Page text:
The Greenest Mountain in the Whites

A brief history of Dartmouth’s century on Mount Moosilauke.

The College’s love affair with its mountain started at the top. In the summer of 1920, E.K. Woodworth, class of 1897, and Charles Woodworth, class of 1907, purchased a hotel that had been on the summit since 1860—along with 50 acres of the rocky land encircling it—and donated it to the Dartmouth Outing Club. The DOC renamed the hotel Summit Camp, equipped it to sleep 50 people in bunks, and staffed it with students. Additional land purchases eventually brought the College’s total holdings to more than 4,000 acres on the 4,802-foot-high mountain, the largest privately owned tract in the White Mountain National Forest.

Summit Camp burned down in 1942. Moosilauke Ravine Lodge now stands at the base of the mountain. The DOC maintains the nearly 40 miles of trails on Moosilauke, as well as the 50-mile stretch of the Appalachian Trail between the summit and Hanover.

What’s In a Name?
Maps of the late 1700s called the mountain “Mooselock” and “Mooshelock.” New Hampshire’s Carrigain Map, published in 1816, named it “Moosehillock,” as if referring to a small hill where moose tread. In 1852 New Hampshire historian C.E. Potter wrote down “Moosilauke,” positing that the name derived from the Abenaki words “moosi” and “auke,” meaning “bald place.” In 1933, DOC-ers voted to recommend “that hereafter Moosilauke without any ‘ee’ on the end be the official pronunciation in council meetings.”

Peak Experience
Historians believe an Abenaki chief named Waternomee made the first ascent of the mountain in 1685.

Downhill
The DOC held the first modern alpine ski race in the United States on March 8, 1927, on the slopes of Moosilauke’s winding Carriage Road. The Moosilauke Down-Mountain Race became an annual event, and in 1933 it served as U.S. skiing’s first national downhill championship—won by Henry “Bem” Woods ’36. In the following years major ski races moved to Cannon Mountain, and in 1953 the College shut down all its winter ski operations on Moosilauke.

Trips Destination
Built in 1938, Moosilauke Ravine Lodge was christened “Ravine Camp.” The 6,600-square-foot log cabin didn’t have much success as a ski resort, but it hosted freshman trips every fall beginning in 1939. The DOC formally renamed it a decade later. In 1963 the College offered to lease the lodge to the Appalachian Mountain Club for $1. The AMC declined because the lodge was in disrepair. In 2016 the College tore down and rebuilt the structure.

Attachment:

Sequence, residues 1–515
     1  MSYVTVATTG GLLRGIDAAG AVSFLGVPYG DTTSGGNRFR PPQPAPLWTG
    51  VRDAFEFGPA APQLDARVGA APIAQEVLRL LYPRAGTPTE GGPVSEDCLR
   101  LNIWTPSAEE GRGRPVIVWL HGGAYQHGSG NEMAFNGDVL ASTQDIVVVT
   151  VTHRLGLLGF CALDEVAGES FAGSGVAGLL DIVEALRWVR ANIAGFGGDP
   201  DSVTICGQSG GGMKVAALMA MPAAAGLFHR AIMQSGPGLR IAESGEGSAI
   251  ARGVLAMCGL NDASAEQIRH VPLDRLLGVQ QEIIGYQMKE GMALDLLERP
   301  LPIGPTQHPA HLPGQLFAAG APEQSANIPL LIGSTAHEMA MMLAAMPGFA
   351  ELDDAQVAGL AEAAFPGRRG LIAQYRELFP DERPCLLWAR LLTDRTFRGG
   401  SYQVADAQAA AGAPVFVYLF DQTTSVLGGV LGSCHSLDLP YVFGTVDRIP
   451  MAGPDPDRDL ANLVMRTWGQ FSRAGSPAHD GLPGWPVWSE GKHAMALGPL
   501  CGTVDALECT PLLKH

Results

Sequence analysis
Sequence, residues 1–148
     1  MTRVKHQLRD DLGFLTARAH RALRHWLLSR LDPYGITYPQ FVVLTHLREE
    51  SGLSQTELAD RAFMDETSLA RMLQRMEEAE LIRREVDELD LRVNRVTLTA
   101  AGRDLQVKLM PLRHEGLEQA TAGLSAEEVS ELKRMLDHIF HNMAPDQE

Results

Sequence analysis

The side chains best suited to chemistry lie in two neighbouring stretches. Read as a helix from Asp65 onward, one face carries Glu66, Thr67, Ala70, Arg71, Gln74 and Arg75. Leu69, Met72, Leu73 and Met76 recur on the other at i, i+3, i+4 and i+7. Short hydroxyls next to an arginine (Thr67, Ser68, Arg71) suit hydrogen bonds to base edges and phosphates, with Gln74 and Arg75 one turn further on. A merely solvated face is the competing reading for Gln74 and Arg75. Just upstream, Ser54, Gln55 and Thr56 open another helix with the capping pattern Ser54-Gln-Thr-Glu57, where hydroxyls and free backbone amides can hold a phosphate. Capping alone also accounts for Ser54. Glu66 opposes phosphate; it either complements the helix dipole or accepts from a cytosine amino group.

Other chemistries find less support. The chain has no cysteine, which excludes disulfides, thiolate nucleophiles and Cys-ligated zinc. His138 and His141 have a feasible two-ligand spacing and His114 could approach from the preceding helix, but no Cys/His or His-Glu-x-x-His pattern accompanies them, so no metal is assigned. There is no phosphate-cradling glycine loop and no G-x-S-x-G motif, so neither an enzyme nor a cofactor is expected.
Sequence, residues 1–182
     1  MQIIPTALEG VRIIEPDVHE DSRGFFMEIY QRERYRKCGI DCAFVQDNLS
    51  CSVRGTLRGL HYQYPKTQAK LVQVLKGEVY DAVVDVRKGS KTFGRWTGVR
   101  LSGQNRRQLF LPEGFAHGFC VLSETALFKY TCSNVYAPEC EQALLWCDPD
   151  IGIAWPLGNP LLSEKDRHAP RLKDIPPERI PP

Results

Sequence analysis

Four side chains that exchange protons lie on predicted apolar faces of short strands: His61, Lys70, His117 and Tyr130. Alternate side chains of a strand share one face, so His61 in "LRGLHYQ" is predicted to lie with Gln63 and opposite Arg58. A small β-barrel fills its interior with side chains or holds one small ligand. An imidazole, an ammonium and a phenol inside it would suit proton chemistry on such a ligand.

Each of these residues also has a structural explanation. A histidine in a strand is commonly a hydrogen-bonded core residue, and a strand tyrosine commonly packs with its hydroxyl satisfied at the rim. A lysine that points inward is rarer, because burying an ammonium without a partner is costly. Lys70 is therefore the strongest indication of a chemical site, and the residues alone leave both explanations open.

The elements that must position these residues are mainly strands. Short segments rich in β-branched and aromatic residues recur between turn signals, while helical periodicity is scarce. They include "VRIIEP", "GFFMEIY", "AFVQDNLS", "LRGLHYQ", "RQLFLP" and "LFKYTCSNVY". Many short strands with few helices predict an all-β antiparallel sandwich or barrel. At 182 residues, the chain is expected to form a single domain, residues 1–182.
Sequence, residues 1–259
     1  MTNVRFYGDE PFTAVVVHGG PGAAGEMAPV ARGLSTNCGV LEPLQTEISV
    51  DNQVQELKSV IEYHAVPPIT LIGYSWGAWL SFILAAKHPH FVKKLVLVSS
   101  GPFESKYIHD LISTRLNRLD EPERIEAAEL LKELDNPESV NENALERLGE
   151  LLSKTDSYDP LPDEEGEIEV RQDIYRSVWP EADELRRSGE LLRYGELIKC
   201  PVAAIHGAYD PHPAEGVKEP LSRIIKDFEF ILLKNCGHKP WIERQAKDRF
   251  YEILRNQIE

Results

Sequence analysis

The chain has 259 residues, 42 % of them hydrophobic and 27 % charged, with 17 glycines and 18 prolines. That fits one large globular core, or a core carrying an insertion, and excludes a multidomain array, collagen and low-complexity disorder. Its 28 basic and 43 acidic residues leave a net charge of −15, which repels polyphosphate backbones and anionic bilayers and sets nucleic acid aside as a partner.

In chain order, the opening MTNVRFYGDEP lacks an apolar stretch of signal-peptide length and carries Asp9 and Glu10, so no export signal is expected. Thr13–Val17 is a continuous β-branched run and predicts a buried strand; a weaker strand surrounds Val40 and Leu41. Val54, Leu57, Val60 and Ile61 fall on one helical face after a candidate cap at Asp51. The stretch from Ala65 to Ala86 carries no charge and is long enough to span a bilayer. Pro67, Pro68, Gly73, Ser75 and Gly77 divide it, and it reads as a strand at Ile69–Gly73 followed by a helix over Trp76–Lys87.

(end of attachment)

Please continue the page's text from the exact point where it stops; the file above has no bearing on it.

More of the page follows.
Crash and Burn
A U.S. Army B-18 Bolo bomber crashed on Mount Moosilauke’s eastern slope—near a sub-peak called Mount Waternomee—in January 1942, igniting flames and smoke that some mistook for a fire at the Summit Camp. Two men died. Five survived thanks to local volunteers who carried out the rescue in a blinding snowstorm.

An Enduring Ghost Story
The legend of Doc Benton originated in the 1800s. Summit Camp staff regaled visitors with the spooky story before it became a hallmark of freshman trips, passed down to a new class of undergraduates each year. The tale—about a doctor who haunts the mountain—can be told in 20 minutes or two hours, depending on the speaker’s flair for embellishment.

A Home for the Holidays
In the late 1950s the DOC began a short-lived tradition of hosting disadvantaged children for Thanksgiving at the lodge. “The essential turkey feast was supplemented with hikes, outdoor fun, and a fireside program of entertainment at night,” DAM reported in 1958. In the 1950s the lodge was also home to Wing-Ding, a party considered to be “the rip-roaringest New Year’s blast in the state.” The College outlawed the fete in 1963.

On a Clear Day
“From the summit of Moosilauke the peaks of all the New Hampshire mountain ranges may be viewed in their proper perspective,” wrote Robert Scott Monahan ’29 in a 1930 issue of DAM. “The skyline peaks of Marcy, Macintyre, and Whiteface in New York State are often evident on the clearer days.”

Close Calls 
Four Dartmouth students needed to be rescued after a late-afternoon hike turned into an overnight near the summit in snowy conditions in February 1961. Two of the students suffered frostbite but recovered at Dick’s House. In May 2019 a College-led hiking trip on Moosilauke turned dangerous for Arun Anand ’19, who became lost for two days—and was found wandering shoeless in the snow—after separating from his group. An expensive search-and-rescue operation saved the day. 

“The Moose” 
In spring of 2021 Eli Burakian ’00 completed “The Moose,” a challenge to hike all 10 trails on Moosilauke in one go. The feat was first accomplished by Bernie Waugh ’74 and Brad Backus ’95 in 1993. Burakian traversed 47 miles and 13,600 feet of vertical gain in roughly 17.5 hours. “Not a bad day hike!” he joked on Instagram.

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